Merchants established connections between Italy and Burgundy. In the course of their travels, they selected the Three Kings as their patrons. Tommaso Portinari and Francesco Sassetti commissioned the best and most famous artists of the time to paint the Adoration of the Shepherds with the Wise Men’s journey in the background. Playing a role in their choice could have been the Medici family’s Florentine custom of commemorating the Feast of the Epiphany with a lighted parade on the streets of the city. The procession organised by the Compagna de’ Magi (the Brotherhood of the Three Kings) went from Herod’s Palace, erected on the Piazza della Signoria, to the Dominican Convento di San Marco, where they paid their respects to the Virgin Mary (Hatfield 1970, 146). Benozzo Gozzoli’s fresco on wall of the Palazzo Medici in Florence is the best evidence of the pomp and decorative costumes of that time.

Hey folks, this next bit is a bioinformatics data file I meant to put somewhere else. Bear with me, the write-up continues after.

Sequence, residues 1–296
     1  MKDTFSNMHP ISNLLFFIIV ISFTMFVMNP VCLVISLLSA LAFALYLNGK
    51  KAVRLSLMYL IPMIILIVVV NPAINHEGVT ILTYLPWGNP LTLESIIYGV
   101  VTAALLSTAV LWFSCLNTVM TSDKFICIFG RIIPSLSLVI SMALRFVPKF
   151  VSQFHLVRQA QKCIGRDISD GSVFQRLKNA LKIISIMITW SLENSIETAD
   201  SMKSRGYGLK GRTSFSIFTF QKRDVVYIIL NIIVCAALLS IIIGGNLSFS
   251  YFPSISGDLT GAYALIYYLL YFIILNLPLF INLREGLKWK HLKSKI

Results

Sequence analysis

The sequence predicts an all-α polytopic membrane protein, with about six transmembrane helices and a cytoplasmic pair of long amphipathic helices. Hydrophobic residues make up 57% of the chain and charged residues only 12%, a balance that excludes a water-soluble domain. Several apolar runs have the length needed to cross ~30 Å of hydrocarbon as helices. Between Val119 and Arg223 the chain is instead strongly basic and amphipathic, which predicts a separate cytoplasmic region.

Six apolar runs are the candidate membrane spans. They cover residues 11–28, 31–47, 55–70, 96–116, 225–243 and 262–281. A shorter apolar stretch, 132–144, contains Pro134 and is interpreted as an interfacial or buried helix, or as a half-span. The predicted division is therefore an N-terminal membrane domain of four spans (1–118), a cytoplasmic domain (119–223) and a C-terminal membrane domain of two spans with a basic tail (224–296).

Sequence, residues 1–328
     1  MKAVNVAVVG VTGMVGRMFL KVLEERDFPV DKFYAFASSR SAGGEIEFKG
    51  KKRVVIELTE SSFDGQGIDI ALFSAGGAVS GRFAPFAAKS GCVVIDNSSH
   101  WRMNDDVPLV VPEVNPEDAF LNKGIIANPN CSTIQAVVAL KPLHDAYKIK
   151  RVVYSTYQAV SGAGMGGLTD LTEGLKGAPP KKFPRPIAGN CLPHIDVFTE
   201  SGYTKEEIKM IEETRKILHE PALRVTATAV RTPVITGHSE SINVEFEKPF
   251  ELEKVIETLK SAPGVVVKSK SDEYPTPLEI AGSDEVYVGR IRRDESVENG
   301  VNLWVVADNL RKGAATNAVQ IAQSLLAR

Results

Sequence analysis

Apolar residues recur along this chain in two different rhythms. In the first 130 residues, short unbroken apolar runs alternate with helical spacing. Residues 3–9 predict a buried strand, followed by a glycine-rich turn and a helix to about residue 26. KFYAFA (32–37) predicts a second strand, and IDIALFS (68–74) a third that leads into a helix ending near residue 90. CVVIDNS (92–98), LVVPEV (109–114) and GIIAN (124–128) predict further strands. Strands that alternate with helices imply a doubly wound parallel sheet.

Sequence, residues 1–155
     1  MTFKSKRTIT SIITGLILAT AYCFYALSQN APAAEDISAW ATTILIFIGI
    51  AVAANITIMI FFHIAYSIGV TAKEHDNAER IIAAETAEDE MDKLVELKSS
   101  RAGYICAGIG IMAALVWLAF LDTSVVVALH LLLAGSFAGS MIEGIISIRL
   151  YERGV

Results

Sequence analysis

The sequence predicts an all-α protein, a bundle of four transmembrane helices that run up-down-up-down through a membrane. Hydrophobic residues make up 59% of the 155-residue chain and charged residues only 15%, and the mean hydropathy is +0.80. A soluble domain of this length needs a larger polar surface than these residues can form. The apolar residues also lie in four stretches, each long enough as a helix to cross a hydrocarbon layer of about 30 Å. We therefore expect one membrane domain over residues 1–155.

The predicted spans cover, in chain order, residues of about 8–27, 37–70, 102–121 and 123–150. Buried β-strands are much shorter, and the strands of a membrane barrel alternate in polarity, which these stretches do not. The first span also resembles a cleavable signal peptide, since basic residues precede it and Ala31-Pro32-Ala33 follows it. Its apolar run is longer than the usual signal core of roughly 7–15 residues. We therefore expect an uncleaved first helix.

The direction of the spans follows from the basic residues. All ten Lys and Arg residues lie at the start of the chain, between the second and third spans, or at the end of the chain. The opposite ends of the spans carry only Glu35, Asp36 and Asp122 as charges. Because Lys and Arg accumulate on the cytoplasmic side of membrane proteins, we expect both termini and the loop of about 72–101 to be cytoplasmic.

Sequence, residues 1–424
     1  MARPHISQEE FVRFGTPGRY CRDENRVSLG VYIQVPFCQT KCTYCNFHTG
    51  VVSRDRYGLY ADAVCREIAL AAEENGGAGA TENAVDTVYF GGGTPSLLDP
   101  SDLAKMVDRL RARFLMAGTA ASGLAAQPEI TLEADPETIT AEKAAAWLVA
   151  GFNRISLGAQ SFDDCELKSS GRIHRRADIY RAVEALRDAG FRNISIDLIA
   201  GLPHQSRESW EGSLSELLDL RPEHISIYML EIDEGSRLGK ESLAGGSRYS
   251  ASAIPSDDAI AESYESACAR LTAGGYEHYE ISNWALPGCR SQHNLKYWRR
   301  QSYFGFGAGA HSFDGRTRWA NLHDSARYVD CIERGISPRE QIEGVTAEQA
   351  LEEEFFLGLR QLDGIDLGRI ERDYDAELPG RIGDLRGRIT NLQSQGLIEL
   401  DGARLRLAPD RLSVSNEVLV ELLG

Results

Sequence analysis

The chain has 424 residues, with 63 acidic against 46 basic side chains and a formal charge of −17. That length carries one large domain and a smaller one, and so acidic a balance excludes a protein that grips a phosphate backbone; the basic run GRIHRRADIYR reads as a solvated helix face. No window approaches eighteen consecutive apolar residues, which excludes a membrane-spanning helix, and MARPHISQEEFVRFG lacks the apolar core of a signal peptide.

The Portinari altarpiece (c. 1476), commissioned by Florentine banker and merchant Tommaso Portinari, can now be seen in Florence’s Uffizi Gallery. Its creator, the master Hugo van der Goes, surrounds the birth scene with the sacred aura and symbolism of the Holy Mass. (Fig. 5) The fragile figure of the Virgin Mary occupies the centre, worshipping her child, who lies on the ground. The bundle of wheat, on which the child rests, is repeated in the foreground, making the Eucharist message clear. The space surrounding Mary is a holy area, made evident by Joseph’s removed sandals. The angels that kneel in a circle are wearing vestments (Panofsky 1953, 333). Yet, the viewer is most struck by the rich emotion in the facial expressions of the three shepherds. Hugo van der Goes was probably influenced the Devotio Moderna, a Dutch Reformation movement which taught its followers that people should keep certain details of the Scripture as read in their hearts and minds and act accordingly (Ridderbos 1990, 137-152). Therefore, we may interpret the three shepherds’ facial expressions as three different ways of experiencing the holy event. Their gestures and expressions testify to the painter’s interest in the impact on their souls.